examples of military, research, and space qualified aerospace deployments:
• Hyperspec VS10 – Marine Optical Buoy (MOBY) Project; measurement of upwelling radiance and
downwelling irradiance at the sea surface and at three deeper depths; deployed by US National
Oceanic and Atmospheric Administration (NOAA); with initial deployment in 1993, this instrument is
responsible for calibration input of most of the US and international weather satellites for
forecasting conditions from El Niño weather patterns (paper available)
• Hyperspec VS30 – NRL airborne requirement for remote sensing and ocean color monitoring
• Hyperspec VS15 – USAF airborne mine detection in littoral zones
• Hyperspec VS15 – USN Predator-based project for Project Warhorse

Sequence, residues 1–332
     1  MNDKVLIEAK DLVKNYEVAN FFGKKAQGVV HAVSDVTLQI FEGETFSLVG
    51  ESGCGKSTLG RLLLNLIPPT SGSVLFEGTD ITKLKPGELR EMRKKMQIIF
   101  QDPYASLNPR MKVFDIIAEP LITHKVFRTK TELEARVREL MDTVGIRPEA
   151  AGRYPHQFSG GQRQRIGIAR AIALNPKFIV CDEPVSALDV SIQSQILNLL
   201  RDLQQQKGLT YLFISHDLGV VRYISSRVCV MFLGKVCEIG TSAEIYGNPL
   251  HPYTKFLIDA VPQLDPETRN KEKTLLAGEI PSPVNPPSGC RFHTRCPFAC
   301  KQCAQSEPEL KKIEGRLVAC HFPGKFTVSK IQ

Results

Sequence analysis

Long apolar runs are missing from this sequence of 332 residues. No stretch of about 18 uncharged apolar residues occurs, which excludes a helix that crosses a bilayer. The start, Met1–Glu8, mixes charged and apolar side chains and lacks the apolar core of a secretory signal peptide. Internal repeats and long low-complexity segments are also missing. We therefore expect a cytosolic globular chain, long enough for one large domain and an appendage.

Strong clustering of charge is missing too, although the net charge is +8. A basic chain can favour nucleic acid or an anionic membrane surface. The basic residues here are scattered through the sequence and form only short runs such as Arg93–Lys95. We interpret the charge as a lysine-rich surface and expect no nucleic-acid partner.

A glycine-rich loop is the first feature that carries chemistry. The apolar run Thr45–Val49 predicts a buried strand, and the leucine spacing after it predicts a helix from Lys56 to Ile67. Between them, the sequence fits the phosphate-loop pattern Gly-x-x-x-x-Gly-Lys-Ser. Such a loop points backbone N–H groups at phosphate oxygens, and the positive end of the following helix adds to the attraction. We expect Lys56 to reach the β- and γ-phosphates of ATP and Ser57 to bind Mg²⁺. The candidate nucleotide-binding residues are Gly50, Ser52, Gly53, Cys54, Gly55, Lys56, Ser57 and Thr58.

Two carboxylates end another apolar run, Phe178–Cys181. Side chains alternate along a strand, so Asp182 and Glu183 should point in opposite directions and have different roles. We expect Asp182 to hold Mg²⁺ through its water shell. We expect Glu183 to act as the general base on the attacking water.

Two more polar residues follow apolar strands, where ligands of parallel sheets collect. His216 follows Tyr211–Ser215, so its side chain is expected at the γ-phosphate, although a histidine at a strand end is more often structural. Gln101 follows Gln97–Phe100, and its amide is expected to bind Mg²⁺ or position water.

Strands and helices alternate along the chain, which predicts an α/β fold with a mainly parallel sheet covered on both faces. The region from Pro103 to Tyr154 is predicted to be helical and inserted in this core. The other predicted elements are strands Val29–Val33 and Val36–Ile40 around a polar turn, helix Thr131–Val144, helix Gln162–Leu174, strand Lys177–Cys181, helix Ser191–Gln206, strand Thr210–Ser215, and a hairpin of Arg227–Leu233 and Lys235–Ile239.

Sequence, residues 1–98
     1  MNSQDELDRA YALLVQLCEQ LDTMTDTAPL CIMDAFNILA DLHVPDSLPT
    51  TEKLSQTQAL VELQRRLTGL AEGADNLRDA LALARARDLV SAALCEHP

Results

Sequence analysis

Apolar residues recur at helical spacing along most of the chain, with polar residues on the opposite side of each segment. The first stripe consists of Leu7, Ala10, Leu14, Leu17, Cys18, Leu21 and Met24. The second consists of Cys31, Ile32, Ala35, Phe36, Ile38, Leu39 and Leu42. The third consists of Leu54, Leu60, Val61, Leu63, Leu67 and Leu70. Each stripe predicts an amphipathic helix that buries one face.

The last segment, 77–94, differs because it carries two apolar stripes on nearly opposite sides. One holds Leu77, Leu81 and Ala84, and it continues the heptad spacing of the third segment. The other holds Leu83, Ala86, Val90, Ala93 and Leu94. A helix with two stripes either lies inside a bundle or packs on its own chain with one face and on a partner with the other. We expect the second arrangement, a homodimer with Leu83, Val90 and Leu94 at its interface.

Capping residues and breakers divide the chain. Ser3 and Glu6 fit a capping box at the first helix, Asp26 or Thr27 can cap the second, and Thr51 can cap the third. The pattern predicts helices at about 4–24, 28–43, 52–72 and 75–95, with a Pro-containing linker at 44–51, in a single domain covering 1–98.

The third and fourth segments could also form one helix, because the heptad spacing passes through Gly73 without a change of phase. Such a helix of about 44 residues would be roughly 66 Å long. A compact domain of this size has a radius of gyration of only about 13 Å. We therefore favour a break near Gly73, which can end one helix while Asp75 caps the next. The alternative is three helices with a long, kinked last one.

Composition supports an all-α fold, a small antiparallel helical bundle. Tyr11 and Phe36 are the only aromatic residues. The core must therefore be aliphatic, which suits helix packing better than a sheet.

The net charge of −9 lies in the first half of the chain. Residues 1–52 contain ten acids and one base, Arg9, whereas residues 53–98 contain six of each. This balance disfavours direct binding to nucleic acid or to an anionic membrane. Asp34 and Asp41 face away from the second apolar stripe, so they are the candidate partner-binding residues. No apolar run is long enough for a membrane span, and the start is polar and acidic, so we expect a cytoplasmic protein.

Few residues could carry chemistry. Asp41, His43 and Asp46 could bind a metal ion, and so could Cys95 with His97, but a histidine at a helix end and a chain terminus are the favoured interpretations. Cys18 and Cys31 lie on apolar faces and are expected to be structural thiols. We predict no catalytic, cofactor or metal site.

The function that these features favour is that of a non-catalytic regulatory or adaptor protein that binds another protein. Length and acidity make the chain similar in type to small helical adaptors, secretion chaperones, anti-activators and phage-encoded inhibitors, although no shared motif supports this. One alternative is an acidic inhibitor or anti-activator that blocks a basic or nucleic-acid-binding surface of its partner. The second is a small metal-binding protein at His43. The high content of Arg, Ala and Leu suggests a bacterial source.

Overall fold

• Hyperspec VS15 – NRL Ocean PHILLS (Portable Hyperspectral Imager for Low Light
• Hyperspec VS15 - Project Darkhorse utilizing VNIR sensor
• Hyperspec VS15 – AFRL LWIR sensor for polarimetric sensing for battlefield surveillance
• Hyperspec VS25 – Selected by NASA for International Space Station deployment
• Hyperspec VS25 – Optics deployed on Shadow UAV
• Hyperspec VS – Custom UV/MCP unit deployed for AFRL missile plume tracking
• Hyperspec VS50 – Airborne SWIR sensor
• Micro-Hyperspec VNIR and NIR – Introduced in 2006 for UAV and SUGV deployment
• Hyperspec VNIR – NASA augmentation for AVIRIS
Example of Hyperspec™ Images
The following is an example of a rendered image of a Natural Ruby utilizing the Hyperspec C-Series
spectrometer with Headwall Photonics image processing software for Hyperspec . The rendered images
depict were certain spectral response feature reside within the sample.
Natural Ruby (Kenya)